Each of these infographics are worth 1,000 words.

I’m always looking for novel ways to convince Americans to save more and spend wiser. Recently, I spied these artistic summaries…

Getting naked to save

In my second book, Power Up, I listed eight pages of easy savings tips, many energy-related — change your air-conditioning filters, clean your clothes dryer, and other tips that seem minor but really add up over time. Well, a new poll shows many Americans have only recently embraced these simple saving tactics.

In a new survey, 69 percent of homeowners said they “conserve energy at home to save money” — up 13 percent from just last year. How far are they willing to go? This far…


Putting the I in “efficient”

What does a poll about being efficient at work have to do with staying out of debt? Beyond the obvious — that excelling at your job will result in raises that can be saved instead of spent — efficiency can end up costing Americans money when they invest too much in technology, with the false hope that will improve their lives.

For example, the infographic below shows that “40 percent of men said having a faster computer would make them more productive.” Really? Would a faster car make them more productive, too? I side with the women in the survey, 60 percent who said “getting more sleep would make them more productive.”

Crucial Efficiency Infographic

Who gives the best career advice?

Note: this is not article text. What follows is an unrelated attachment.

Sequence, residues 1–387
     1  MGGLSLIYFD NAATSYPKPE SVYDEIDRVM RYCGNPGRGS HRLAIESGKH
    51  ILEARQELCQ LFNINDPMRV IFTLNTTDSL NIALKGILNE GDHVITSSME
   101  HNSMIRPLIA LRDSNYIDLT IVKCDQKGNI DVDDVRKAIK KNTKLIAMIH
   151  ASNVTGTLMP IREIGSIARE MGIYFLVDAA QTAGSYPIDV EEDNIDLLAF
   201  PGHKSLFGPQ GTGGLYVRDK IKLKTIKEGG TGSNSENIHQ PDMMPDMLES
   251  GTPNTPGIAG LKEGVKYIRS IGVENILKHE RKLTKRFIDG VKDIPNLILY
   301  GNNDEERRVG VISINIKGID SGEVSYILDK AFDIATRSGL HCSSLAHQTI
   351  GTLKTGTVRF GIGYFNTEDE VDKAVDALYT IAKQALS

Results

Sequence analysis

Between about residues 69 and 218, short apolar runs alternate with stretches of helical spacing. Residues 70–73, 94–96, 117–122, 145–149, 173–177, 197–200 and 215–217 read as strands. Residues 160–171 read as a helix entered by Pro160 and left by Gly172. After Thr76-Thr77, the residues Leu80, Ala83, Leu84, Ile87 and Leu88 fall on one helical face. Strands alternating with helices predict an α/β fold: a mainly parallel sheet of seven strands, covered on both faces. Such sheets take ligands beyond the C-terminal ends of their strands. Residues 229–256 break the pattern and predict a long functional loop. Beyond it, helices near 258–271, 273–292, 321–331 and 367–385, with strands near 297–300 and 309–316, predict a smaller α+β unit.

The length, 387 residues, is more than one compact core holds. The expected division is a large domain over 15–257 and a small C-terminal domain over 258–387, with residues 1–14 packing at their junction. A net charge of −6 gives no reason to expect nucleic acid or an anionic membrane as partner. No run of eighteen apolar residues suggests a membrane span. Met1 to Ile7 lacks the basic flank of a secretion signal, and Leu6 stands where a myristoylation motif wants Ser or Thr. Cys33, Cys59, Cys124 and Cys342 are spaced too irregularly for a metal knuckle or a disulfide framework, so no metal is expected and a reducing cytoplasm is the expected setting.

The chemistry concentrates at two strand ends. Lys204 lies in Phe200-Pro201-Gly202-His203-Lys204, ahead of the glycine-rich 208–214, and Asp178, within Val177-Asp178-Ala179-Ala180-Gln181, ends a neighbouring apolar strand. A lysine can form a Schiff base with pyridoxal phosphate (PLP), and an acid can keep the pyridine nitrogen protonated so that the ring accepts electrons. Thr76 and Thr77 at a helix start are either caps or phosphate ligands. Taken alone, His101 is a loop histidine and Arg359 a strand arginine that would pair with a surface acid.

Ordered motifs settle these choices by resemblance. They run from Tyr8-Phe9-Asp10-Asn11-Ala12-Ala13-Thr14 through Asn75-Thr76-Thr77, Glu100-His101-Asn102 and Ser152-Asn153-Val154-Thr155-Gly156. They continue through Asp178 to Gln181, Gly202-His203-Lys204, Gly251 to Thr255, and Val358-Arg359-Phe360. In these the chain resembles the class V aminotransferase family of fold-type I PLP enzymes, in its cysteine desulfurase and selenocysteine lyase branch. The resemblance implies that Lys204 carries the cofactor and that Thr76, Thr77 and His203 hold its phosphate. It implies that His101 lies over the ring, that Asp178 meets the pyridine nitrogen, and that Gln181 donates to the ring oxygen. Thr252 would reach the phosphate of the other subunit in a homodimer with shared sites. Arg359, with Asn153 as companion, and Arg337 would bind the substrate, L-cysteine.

If you have a significant other, they probably play a significant role in which jobs you take.  That’s what a new poll of executives say, but I’ll bet that applies to most people. Almost half of executives rely on their spouses for job-changing advice, while “friends” rank at just 20 percent…

Accountemps When considering a job change Infographic

This interests me because I’ve seen similar results when it comes to seeking debt help. Often, it’s one spouse who first recognizes a serious credit card problem and has to convince the other to seek help. If that describes you, call one of our certified credit counselors at 1-8000-810-0989.


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About the Author

Howard Dvorkin, CPA

Howard Dvorkin, CPA

I’m a certified public accountant who has authored two books on getting out of debt, Credit Hell and Power Up, and I am one of the personal finance experts for Debt.com. I have focused my professional endeavors in the consumer finance, technology, media and real estate industries creating not only Debt.com, but also Financial Apps and Start Fresh Today, among others. My personal finance advice has been included in countless articles, and has appeared in the New York Times, the Washington Post, Forbes and Entrepreneur as well as virtually every national and local newspaper in the country. Everyone should have a reason for living that’s bigger than themselves, and besides my family, mine is this: Teaching Americans how to live happily within their means. To me, money is not the root of all evil. Poor money management is. Money cannot buy happiness, but going into debt always buys misery. That’s why I launched Debt.com. I’m glad you’re here.

Published by Debt.com, LLC